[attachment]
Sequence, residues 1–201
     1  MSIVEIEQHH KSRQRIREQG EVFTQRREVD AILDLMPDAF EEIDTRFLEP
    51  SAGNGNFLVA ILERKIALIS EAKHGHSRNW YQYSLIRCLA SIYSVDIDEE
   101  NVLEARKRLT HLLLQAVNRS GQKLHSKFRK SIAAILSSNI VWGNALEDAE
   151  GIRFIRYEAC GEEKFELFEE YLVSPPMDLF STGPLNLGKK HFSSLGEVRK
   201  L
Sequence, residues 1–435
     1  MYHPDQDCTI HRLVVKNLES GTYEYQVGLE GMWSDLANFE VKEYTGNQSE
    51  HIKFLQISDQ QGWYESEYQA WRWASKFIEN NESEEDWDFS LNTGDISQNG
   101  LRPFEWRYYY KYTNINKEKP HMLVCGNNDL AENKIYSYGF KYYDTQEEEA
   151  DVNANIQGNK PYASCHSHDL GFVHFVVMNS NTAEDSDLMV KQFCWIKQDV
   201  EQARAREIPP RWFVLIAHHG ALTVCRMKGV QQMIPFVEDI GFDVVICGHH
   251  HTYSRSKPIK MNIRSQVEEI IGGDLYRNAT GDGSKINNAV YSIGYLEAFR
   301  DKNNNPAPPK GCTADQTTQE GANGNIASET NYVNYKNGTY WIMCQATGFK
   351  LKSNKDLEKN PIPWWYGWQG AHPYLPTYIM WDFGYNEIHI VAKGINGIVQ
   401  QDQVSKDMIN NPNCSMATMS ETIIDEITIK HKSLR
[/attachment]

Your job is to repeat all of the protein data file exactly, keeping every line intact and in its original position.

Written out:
Sequence, residues 1–201
     1  MSIVEIEQHH KSRQRIREQG EVFTQRREVD AILDLMPDAF EEIDTRFLEP
    51  SAGNGNFLVA ILERKIALIS EAKHGHSRNW YQYSLIRCLA SIYSVDIDEE
   101  NVLEARKRLT HLLLQAVNRS GQKLHSKFRK SIAAILSSNI VWGNALEDAE
   151  GIRFIRYEAC GEEKFELFEE YLVSPPMDLF STGPLNLGKK HFSSLGEVRK
   201  L
Sequence, residues 1–435
     1  MYHPDQDCTI HRLVVKNLES GTYEYQVGLE GMWSDLANFE VKEYTGNQSE
    51  HIKFLQISDQ QGWYESEYQA WRWASKFIEN NESEEDWDFS LNTGDISQNG
   101  LRPFEWRYYY KYTNINKEKP HMLVCGNNDL AENKIYSYGF KYYDTQEEEA
   151  DVNANIQGNK PYASCHSHDL GFVHFVVMNS NTAEDSDLMV KQFCWIKQDV
   201  EQARAREIPP RWFVLIAHHG ALTVCRMKGV QQMIPFVEDI GFDVVICGHH
   251  HTYSRSKPIK MNIRSQVEEI IGGDLYRNAT GDGSKINNAV YSIGYLEAFR
   301  DKNNNPAPPK GCTADQTTQE GANGNIASET NYVNYKNGTY WIMCQATGFK
   351  LKSNKDLEKN PIPWWYGWQG AHPYLPTYIM WDFGYNEIHI VAKGINGIVQ
   401  QDQVSKDMIN NPNCSMATMS ETIIDEITIK HKSLR